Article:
Nonetheless, it is still likely that the NDA will be so far ahead that Modi will be asked to form a government. If he succeeds, what can we expect?

 

Several observers have noted that the BJP campaign has downplayed the party’s traditional cultural nationalist agenda in favour of a technocratic emphasis on efficiency and implementation. The principal charge levied against the UPA by the BJP manifesto concerns weak leadership and slow implementation — not, as in the past, ‘appeasement’ of minorities or playing caste politics.

 

The technocratic emphasis reflects both a genuine area of advantage for the BJP and a pragmatic concern not to alienate moderate voters. Modi — in contrast to the UPA, whose major legislative accomplishments have yet to be fully implemented — is perceived as a decisive leader who, as chief minister of Gujarat, attracted investment and promoted growth by rapidly implementing infrastructure projects and pro-business regulations. A Modi government would be the most business-friendly in Indian history, although it is unlikely to undertake measures that threaten its base among small business, such as opening the retail sector to foreign investment.

 

It is too soon to suggest, as Ashustosh Varshney does, that Modi has become ‘moderate’ or non-ideological. The BJP manifesto was released surprisingly late — on the first day of voting. Most likely this tardiness was an attempt to downplay the references to the traditional Hindu nationalist agenda which, although less prominent, remain in the manifesto. More generally, there is no contradiction between a technocratic vision of development and militant right-wing nationalism. Indeed, they go together frequently.

 

Modi’s own record illustrates this: during a sectarian pogrom in Gujarat in 2002 Hindu activists killed hundreds, and perhaps thousands of Muslims in retaliation for the burning to death of a train compartment filled with Hindu nationalist activists returning from attempts to build a temple at a disputed site in UP. While he has denied complicity in the events and none has ever been proven, it is widely believed that the riots were part of a strategy to polarise the electorate along religious lines ahead of an election, and that the state government was consequently slow to respond. The killings lasted three days and left a permanent stain on his technocratic reputation.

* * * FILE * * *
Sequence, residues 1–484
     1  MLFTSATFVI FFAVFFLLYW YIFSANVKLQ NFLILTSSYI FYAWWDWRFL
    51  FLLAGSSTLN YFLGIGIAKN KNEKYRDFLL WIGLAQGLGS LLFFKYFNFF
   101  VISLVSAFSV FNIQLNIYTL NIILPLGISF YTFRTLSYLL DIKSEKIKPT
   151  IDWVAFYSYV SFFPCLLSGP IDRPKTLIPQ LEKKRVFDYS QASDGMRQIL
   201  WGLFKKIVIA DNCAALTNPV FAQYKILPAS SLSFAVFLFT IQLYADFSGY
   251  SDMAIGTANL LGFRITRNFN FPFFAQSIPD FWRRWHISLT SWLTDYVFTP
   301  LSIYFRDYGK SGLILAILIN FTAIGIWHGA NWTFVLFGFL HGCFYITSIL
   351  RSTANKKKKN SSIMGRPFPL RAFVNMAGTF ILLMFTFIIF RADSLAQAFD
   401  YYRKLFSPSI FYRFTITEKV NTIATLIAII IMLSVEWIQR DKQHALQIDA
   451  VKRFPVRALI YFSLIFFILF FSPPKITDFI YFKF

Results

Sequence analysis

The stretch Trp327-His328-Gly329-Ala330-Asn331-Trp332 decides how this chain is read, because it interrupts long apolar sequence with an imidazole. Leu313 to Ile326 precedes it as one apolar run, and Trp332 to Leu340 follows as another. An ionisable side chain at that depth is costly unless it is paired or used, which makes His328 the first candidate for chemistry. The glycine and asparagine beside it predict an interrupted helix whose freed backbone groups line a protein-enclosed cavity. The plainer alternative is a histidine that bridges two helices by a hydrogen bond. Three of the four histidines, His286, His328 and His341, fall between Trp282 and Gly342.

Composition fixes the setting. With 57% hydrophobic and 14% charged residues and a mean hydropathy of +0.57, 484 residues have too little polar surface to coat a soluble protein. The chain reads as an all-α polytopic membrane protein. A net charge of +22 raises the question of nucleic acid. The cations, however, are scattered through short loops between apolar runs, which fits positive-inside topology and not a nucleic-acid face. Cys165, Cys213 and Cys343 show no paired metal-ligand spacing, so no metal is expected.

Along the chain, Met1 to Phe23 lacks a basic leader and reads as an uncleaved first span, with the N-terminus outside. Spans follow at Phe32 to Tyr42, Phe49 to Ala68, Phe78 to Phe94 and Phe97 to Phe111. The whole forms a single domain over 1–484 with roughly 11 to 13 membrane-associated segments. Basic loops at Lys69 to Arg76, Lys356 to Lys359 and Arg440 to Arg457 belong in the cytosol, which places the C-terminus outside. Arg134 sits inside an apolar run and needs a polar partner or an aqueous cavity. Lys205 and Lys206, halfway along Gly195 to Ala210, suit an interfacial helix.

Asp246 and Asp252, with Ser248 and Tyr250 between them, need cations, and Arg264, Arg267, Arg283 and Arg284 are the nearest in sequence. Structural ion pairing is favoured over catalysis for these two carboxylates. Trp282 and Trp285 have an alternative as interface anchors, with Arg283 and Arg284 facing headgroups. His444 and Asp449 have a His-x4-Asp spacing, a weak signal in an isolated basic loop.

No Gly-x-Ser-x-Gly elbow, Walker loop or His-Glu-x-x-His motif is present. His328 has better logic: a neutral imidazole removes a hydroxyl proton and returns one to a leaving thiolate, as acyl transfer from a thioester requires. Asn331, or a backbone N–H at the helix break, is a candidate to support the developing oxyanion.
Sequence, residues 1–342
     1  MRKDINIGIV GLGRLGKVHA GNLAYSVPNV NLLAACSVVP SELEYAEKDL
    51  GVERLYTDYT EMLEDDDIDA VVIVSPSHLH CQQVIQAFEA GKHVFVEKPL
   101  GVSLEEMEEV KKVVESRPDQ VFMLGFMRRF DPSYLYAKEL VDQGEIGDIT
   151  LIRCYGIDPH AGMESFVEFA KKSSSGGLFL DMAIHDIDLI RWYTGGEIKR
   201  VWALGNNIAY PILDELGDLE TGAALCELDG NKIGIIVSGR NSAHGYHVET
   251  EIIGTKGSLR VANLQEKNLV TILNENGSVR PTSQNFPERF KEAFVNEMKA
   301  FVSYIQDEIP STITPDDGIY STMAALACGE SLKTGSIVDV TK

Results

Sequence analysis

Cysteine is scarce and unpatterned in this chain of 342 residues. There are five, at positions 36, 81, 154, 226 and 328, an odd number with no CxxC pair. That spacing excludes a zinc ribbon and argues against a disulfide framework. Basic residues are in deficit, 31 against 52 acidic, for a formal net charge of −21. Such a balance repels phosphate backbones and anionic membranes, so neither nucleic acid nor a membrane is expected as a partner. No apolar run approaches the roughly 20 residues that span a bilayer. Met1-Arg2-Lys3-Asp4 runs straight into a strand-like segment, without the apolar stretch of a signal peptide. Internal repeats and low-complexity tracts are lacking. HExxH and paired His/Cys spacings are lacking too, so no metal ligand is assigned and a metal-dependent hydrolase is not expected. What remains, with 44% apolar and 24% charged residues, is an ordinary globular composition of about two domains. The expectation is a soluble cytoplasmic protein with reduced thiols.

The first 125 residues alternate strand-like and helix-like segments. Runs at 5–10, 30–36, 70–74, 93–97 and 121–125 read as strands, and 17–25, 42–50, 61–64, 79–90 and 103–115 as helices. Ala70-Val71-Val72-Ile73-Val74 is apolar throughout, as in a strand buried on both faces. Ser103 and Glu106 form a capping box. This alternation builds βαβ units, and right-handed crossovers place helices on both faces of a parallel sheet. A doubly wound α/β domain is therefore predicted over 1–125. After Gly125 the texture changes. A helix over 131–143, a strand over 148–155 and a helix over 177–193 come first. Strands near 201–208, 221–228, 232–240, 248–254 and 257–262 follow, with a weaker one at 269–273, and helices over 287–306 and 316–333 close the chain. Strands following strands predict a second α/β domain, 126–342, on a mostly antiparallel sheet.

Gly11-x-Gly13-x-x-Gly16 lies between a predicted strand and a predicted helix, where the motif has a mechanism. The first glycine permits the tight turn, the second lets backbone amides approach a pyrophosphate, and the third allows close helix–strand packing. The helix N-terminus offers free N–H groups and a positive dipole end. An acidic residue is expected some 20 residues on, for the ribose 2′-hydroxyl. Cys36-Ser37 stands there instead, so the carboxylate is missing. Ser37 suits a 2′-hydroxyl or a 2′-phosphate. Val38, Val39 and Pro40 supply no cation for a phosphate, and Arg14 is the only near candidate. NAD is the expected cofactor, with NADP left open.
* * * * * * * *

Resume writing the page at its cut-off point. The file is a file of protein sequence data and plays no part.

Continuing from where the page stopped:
The major threat in this regard, therefore, is not what Modi will do in government, but provocative actions that might be taken by activists associated with the BJP or other organisations in the larger Hindu Nationalist movement. These actions could occur as part of an independent effort to further some aspect of the Hindu Nationlist agenda, then presenting Modi with a difficult choice as to how to respond, or as a conscious tactic to mobilise votes in the event of another election. Even in the current campaign, BJP leaders campaigning in western UP, a state that is crucial to Modi’s hopes, have been accused of playing on tensions arising from a series of communal clashes in 2013 to appeal to local Hindus.

 

There can be little doubt that the BJP will end up with the largest share of seats in the Lok Sabha. It is also likely, though not certain that Narendra Modi will become Prime Minister. But the longevity of his government and its record will depend on how much he is forced to rely on outside parties, and how much control he has over party activists. If the government is short-lived, then the INC — whose vote share remains largely intact — will have a stronger hand in forming alliances with many regional parties at whose expense the BJP is growing.

 

Arun R. Swamy is Associate Professor of Political Science at the University of Guam. This article first appeared in the East Asia Forum. Click here to go to the original.